Saudi Arabia is planning to develop a $2 billion EV battery metals plant and a $4 billion steel plate mill complex as part of $32 billion of investments targeting the kingdom's mining sector amid economic diversification in the world's biggest oil exporter.
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Nine projects are currently underway to increase local production and boost global exports, the minister of industry and mineral resources Bandar al-Khorayef said in a May 5 statement.
"These targeted investments represent an important 'down payment' in our efforts to move beyond exploration and extraction and into the creation of integrated value chains, a central focus of our overall mining strategy," Khorayef said in the statement. "The investments will continue to position the kingdom as a mining production and logistics hub for a region that stretches from Africa to Asia, while also supporting the transformation of our mining sector so it can achieve its potential."
The projects include a $4 billion steel plate mill complex that will produce various grades of steel plate for the shipbuilding, oil and gas, construction and defense sectors, the minister said.
Another integrated green flat steel complex will supply the automotive, food packaging, machinery and equipment, and other industrial sectors, he added.
A $2 billion EV battery metals plant will provide inputs for EV batteries, in support of the development of the electric vehicles industry in the kingdom, he said.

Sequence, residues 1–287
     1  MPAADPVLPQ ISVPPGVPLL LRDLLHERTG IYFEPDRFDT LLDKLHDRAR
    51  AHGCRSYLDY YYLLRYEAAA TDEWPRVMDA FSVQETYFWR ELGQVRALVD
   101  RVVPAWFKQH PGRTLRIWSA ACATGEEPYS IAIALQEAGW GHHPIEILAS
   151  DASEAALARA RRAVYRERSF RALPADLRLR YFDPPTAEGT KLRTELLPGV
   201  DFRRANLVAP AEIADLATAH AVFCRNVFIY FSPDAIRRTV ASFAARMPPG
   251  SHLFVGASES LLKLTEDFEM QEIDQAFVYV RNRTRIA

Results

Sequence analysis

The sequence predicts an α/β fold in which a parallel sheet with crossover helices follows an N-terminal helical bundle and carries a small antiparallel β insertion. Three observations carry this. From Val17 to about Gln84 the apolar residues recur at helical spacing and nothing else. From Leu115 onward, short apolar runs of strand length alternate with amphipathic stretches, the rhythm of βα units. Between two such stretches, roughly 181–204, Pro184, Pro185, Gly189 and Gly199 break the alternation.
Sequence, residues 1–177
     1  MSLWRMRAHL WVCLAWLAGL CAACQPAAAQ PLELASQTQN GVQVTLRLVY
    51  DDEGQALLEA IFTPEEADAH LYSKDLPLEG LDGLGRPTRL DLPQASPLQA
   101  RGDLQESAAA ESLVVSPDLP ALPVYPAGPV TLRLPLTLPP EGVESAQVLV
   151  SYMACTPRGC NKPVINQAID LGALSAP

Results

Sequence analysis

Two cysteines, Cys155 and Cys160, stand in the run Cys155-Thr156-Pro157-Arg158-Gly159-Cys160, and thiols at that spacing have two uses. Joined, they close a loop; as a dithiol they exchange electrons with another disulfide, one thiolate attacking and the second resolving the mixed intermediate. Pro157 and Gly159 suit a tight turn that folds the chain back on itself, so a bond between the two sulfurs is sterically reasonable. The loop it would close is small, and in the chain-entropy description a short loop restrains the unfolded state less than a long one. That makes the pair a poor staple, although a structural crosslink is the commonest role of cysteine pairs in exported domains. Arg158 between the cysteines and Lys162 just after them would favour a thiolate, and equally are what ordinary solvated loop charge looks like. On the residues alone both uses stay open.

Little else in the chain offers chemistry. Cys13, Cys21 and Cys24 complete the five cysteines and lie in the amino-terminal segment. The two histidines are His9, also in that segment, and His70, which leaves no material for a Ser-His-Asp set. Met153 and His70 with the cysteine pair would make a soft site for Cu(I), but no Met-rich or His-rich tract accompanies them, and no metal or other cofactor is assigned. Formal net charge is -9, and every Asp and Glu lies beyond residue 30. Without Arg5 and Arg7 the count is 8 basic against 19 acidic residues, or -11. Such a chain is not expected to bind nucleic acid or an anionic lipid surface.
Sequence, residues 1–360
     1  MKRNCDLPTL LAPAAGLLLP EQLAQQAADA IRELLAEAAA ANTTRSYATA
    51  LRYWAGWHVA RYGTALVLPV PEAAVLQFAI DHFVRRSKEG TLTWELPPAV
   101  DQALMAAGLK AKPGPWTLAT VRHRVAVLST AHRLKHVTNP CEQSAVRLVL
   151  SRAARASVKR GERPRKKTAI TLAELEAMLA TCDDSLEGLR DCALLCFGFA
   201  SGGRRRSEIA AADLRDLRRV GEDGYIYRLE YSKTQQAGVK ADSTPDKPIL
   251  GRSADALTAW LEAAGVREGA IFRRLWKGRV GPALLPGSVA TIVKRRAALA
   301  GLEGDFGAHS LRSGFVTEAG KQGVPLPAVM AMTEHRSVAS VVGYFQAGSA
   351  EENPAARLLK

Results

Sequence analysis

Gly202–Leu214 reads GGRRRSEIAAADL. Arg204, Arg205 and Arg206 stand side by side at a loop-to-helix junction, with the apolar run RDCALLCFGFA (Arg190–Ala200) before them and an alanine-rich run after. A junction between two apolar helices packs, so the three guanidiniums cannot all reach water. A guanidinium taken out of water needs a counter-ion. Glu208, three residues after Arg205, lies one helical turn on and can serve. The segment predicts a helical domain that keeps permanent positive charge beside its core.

The investments also include several other projects, all of which are focused on metals due to the growing demand expected from the developing Saudi industrial sectors, including a fully integrated aluminum complex and base metals smelter/refinery complex for copper and other metals, the minister added.
No other details about the capacity and timeline of these projects were disclosed.
The ministry is currently processing an additional 145 exploration license applications from foreign companies, Khorayef said.
Under Saudi Arabia's Vision 2030 diversification plan, the kingdom aims to support promising sectors and foster their success so that they become new pillars of its economy.
In mining, Saudi Arabia is planning several structural reforms, including stimulating private sector investments by intensifying exploration, building a comprehensive database of its resources, reviewing the licensing procedures for extraction, investing in infrastructure, developing funding methods and establishing centers of excellence.
Panelists at the Future Minerals Forum held in Riyadh in January noted that Saudi Arabia could play an important role in the critical mineral supply chains, due to its reliable and lower cost energy, optimal geological location to serve different areas including Asia and Europe, welcoming investment climate and aim to diversify its industries.
Saudi Arabia has attracted some global names to its mining and industrial sector, including sustainable mobility company Lucid, which plans to build its first international plant in the country.
Lucid, which counts the Saudi sovereign wealth fund as its largest shareholder, is building the factory to assemble vehicles that will ultimately produce up to 150,000 cars per year.
Saudi Arabia has pledged to purchase over a 10-year period up to 100,000 electric vehicles, including Lucid Air and other future models, built and assembled at the company's existing Arizona factory and its future international manufacturing facility in the kingdom, it said in an April 26 statement.